Winner of the 2008 Bobbit National Poetry Prize.
“Few others in contemporary poetry are so brilliantly able to combine wit and weight, to charge the language so it virtually glows in the dark. Hicok's poems just plain rock. They rock because they are gorgeous. They rock because they are sad and turn on the radio. They dance our 'clumsy living' with our shadows and our isolations to a music that always, always remembers the original delight in which 'the feel of things, if [we] cherish, helps [us] live / more like a minute than a clock.'”–Beckian Fritz Goldberg
Hicok's new collection will further broaden the reputation of a poet already celebrated at mid-career; his Animal Soul was nominated for a National Book Critics Circle award in 2002. Hicok is known for his muscular, witty, and charming language, and if poetry is a surrealist mechanism made of words, then this is a perfect poet. But is poetry such a mechanism? Though Hicok never misses a chance to make fun and to have fun, his poems offer a great deal more than ready playfulness. What elevates Hicok above many talented—but limited—pyrotechnists is his brave openness toward his (and our) feelings. He does not merely show off his tricks in front of the world; he embraces it. As he says in a poem about cancer, 'There is a piece of a second/ during which a jet is not flying/ nor is it on the ground.// I'm working on a theory/ that no one can die/ inside that piece of a second.// If you are comforted by this thought you are welcome/ to keep it.' Ultimately, this collection works because it dwells on human experience and because at its best the language is charged with unforgettably lyrical wisdom. Recommended for all poetry collections.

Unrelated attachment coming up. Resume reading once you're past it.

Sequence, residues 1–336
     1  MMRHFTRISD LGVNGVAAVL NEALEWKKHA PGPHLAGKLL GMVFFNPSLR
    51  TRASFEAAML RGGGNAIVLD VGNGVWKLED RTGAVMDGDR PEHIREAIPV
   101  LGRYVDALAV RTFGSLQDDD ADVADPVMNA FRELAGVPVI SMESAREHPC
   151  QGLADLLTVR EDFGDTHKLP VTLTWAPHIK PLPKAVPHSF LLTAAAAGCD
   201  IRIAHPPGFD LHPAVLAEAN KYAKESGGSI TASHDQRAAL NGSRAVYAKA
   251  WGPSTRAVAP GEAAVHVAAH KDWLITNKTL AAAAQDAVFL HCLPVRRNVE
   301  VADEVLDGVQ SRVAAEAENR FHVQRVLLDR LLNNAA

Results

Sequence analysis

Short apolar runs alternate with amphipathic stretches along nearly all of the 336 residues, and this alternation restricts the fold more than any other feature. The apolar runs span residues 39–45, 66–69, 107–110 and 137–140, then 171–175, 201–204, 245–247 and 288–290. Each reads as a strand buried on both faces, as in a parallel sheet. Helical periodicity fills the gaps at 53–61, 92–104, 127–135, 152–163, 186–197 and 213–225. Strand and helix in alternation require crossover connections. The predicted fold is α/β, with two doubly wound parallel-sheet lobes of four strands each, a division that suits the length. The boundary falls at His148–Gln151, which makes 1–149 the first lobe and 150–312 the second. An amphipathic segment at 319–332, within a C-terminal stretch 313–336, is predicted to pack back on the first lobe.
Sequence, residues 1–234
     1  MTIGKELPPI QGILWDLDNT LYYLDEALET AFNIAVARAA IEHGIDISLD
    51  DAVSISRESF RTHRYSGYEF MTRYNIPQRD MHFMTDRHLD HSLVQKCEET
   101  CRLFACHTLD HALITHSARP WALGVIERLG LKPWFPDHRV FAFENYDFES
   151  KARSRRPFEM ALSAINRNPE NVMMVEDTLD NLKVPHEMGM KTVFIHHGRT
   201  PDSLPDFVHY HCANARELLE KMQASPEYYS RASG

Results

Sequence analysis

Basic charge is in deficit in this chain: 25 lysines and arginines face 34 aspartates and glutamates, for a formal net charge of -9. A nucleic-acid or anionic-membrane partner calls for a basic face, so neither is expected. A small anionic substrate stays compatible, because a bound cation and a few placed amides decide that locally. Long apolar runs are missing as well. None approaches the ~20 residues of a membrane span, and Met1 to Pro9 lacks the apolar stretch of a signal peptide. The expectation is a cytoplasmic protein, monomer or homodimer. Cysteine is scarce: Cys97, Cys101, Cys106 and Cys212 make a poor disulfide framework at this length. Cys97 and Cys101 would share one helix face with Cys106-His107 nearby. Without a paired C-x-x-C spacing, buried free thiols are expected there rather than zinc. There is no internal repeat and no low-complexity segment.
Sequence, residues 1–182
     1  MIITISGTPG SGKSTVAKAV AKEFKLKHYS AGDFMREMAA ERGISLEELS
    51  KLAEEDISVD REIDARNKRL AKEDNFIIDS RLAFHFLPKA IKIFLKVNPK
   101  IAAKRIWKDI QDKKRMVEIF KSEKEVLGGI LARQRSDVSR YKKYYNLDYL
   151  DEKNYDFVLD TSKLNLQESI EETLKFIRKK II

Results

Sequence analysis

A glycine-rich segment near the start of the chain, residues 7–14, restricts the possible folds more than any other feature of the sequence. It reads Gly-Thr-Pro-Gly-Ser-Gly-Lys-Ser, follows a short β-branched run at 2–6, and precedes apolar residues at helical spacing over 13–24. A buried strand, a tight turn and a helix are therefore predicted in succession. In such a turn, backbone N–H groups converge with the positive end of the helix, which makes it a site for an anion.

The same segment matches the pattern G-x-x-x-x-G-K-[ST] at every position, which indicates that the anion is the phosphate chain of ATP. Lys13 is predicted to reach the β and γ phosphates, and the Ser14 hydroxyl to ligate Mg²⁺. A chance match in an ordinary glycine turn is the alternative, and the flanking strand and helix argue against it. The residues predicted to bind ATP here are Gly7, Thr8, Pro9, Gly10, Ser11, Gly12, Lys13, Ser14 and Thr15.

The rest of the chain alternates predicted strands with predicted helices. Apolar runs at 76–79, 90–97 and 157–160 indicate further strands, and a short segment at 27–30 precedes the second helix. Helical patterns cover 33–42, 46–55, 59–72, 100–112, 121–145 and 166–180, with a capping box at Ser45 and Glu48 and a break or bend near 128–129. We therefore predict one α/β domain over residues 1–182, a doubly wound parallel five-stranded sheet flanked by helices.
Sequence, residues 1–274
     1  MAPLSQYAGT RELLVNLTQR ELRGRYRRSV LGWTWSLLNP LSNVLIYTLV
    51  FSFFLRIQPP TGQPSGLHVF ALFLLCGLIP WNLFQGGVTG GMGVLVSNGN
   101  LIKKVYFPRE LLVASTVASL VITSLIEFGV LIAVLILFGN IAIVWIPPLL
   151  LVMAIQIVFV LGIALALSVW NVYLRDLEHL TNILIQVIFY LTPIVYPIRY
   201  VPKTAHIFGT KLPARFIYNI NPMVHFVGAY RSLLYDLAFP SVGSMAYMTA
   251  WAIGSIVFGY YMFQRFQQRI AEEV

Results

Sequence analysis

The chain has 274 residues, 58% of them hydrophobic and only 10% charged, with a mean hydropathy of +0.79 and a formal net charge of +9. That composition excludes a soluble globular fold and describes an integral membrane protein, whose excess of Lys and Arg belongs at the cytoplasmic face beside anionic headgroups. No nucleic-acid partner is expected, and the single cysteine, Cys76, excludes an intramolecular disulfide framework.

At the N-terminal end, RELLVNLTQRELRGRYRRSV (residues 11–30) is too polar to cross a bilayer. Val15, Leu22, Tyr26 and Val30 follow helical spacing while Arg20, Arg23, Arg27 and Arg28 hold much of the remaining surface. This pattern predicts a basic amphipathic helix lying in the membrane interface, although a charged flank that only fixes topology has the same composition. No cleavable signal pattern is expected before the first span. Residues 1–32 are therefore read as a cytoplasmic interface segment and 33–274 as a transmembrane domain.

Disarmingly quotable. . . . Offers an unruly and winning combination of brio and bizarrie, halfway between Billy Collins and Dean Young.
Few others in contemporary poetry are so brilliantly able to combine wit and weight, to charge the language so it virtually glows in the dark. Hicok's poems just plain rock. They rock because they are gorgeous. They rock because they are sad and turn on the radio. They dance our 'clumsy living' with our shadows and our isolations to a music that always, always remembers the original delight in which 'the feel of things, if [we] cherish, helps [us] live / more like a minute than a clock.'
To enjoy Hicok's poems, leap in and prepare for a wild ride. Go anywhere he takes you. Just don't expect to head down the straight avenue of reassuring narrative structure.
At his best, [Hicok] has always fused deeply wounded moments of pathos with an oddly welcome levity, much like everybody's favorite uncle who's never afraid to tell a good joke at a funeral, even if it's his wife lying in the casket. And the same can be said of 'This Clumsy Living', perhaps Hicok's most obscure and mature book to date. Most notably, and with a heightened political consciousness in tow, these poems meditate on the tyranny of the human condition in the early twenty-first century.
A generously conceived and executed book that seems broader and riskier than his earlier work. His future books are worth anticipating.
Stands out among Hicok's books. Balancing craft at the level of both the individual poem and the book is a hard-won achievement for any poet, but it is particularly gratifying to see a poet of prodigious sttrength one-up himself. . . . If reading 'This Clumsy Living' feels at times like being on a rollercoaster—emotionally and visually, tonally and metaphorically—through Hicok's mental countryside, we do well to remember he warned us, and then sit back and enjoy the ride.
Hicok provides occasions for individuals to laught at themselves and their own living—clumsy, yes, and well intended.
The arrival [of] 'This Clumsy Living' . . . is cause for celebration, as it firmly places him among a collection of astute poets with a keen eye for both the common and the extraordimary, and confirms these poems, at turns playful and disturbing though always emotionally charged, as some of the finest being written today.
Bob Hicok is associate professor of English at Virginia Tech University. He is the author of This Clumsy Living, Insomnia Diary, Animal Soul (a finalist for the National Book Critics Circle Award), Plus Shipping, and The Legend of Light. Hicok is the recipient of a Guggenheim Fellowship, two NEA Fellowships, the Rebekah Johnson Bobbitt National Poetry Prize from the Library of Congress, the Felix Pollak Prize, the Jerome J. Shestack Prize, and four Pushcart Prizes. His poems have appeared in five volumes of Best American Poetry.learn more